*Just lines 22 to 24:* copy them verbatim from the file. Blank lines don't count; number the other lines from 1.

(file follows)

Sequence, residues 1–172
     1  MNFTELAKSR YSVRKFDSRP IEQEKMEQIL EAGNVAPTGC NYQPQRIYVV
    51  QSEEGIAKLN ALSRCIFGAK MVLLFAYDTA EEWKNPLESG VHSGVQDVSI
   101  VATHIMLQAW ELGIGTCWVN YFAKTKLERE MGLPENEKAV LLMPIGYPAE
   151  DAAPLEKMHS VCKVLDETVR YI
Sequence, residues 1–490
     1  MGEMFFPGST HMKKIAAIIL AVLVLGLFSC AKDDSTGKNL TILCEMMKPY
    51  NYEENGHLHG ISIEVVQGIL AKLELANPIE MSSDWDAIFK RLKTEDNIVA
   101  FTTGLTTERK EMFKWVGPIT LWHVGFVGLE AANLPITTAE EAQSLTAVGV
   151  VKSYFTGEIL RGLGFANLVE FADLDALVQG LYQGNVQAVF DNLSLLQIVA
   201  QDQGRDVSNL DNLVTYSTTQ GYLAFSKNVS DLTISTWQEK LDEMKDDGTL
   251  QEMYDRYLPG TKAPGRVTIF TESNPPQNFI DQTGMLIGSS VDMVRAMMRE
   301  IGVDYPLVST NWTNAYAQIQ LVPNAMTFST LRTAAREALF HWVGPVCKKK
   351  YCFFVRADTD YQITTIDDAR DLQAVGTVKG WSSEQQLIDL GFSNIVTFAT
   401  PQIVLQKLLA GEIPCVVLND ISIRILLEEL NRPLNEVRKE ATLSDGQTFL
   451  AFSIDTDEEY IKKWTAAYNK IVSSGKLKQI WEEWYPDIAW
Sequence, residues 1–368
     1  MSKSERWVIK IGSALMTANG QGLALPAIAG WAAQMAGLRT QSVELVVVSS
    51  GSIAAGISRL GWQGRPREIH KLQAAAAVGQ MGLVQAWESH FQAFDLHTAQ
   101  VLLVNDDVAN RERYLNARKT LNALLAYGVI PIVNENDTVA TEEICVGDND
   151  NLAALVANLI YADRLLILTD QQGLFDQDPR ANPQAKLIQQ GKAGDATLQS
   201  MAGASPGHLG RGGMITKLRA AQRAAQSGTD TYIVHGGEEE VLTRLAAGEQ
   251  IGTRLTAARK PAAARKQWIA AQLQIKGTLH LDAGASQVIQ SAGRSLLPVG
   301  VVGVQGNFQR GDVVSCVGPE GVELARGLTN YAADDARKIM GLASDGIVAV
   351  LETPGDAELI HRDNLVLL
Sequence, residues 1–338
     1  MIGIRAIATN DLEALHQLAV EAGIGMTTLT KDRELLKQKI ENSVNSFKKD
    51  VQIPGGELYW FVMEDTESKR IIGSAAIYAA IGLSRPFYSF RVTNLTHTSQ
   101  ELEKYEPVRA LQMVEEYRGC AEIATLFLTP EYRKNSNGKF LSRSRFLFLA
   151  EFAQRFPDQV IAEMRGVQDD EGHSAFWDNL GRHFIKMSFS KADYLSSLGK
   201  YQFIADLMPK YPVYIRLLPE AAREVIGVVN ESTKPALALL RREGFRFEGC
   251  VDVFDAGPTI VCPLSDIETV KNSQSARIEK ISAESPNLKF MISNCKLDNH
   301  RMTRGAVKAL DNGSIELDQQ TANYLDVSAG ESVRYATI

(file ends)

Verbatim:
   201  MAGASPGHLG RGGMITKLRA AQRAAQSGTD TYIVHGGEEE VLTRLAAGEQ
   251  IGTRLTAARK PAAARKQWIA AQLQIKGTLH LDAGASQVIQ SAGRSLLPVG
   301  VVGVQGNFQR GDVVSCVGPE GVELARGLTN YAADDARKIM GLASDGIVAV